Staying the Course

Investing in the stock market can seem perilous at times. Imagine a scenario where you are journeying through the wilderness making your way to your destination. On your path there may be short-term interruptions or obstacles that may upset you. How one responds to the situation at hand has an impact on your travels: Will you stay put and journey no farther upon the encounter of adversity? Will you give up and retreat to where you came from?  Or will you remember your goals and your purpose behind what you are doing, press on, and take heed to wise counsel? Investing for the long term is much like this. The investor who makes an informed plan and endures short term adversity with the calculated expectation of their needs and goals being met in the long term is rewarded.

In this brief article, we aim to show you how different sorts of investors fare and the benefits of waiting with patient endurance. First, look at the below illustration for the historical intra-year volatility of stocks.

As you can see in the above illustration, stocks in most years may have somewhat significant low points during the year, but stocks end positive for the calendar year more often than not. The average intra-year drop is 14.3% and annual returns were positive in 32 of 43 years. What does this tell us? Historically, stocks are volatile and reactionary, but are positive most of the time. To wit, volatility in stocks is a normal and expected part of investing, and patient investors who don’t sell at the low points, given enough time, prove successful and reap rewards.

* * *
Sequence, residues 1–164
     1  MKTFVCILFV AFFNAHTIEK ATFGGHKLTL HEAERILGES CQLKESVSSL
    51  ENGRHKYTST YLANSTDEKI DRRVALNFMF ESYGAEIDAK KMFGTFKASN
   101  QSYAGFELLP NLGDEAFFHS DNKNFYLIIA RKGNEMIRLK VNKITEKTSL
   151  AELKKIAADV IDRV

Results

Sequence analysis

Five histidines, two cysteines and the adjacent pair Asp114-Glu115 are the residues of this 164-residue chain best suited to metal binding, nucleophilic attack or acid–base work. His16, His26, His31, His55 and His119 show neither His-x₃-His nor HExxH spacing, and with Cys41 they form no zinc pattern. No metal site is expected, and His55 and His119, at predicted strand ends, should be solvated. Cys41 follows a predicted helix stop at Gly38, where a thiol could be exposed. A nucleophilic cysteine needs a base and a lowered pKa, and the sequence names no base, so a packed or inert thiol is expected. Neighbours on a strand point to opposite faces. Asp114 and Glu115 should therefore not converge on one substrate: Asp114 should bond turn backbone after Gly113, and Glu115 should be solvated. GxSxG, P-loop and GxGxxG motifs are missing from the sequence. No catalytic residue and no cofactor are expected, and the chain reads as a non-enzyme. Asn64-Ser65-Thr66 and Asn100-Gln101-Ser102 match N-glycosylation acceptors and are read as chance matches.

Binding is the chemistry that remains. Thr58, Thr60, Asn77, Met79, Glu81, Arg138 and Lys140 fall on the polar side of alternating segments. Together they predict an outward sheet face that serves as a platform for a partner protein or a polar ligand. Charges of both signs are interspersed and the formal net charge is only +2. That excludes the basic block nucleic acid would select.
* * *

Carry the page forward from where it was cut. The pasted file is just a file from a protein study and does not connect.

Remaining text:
Here is a chart illustrating how missing some of the best days of returns can significantly stunt the growth of a portfolio:

Suffice it to say that investors who do not react to negative news and events do better than ones who do, even a little bit. The problem with exiting the market is one of timing. Not only does the investor have to sell at the right time, but they must also buy back in at the right time to capture the gains. Timing the markets is nearly impossible, so the best strategy for most investors is to stay invested through the ups and downs.

It is important to design a portfolio that corresponds to an investor’s time horizon, goals, and personal risk tolerance that will help them meet their needs without taking unnecessary risk and staying invested in the long haul. At Sugarloaf, we use financial planning to guide our investment decision making to help you achieve your goals.

– Emory Linder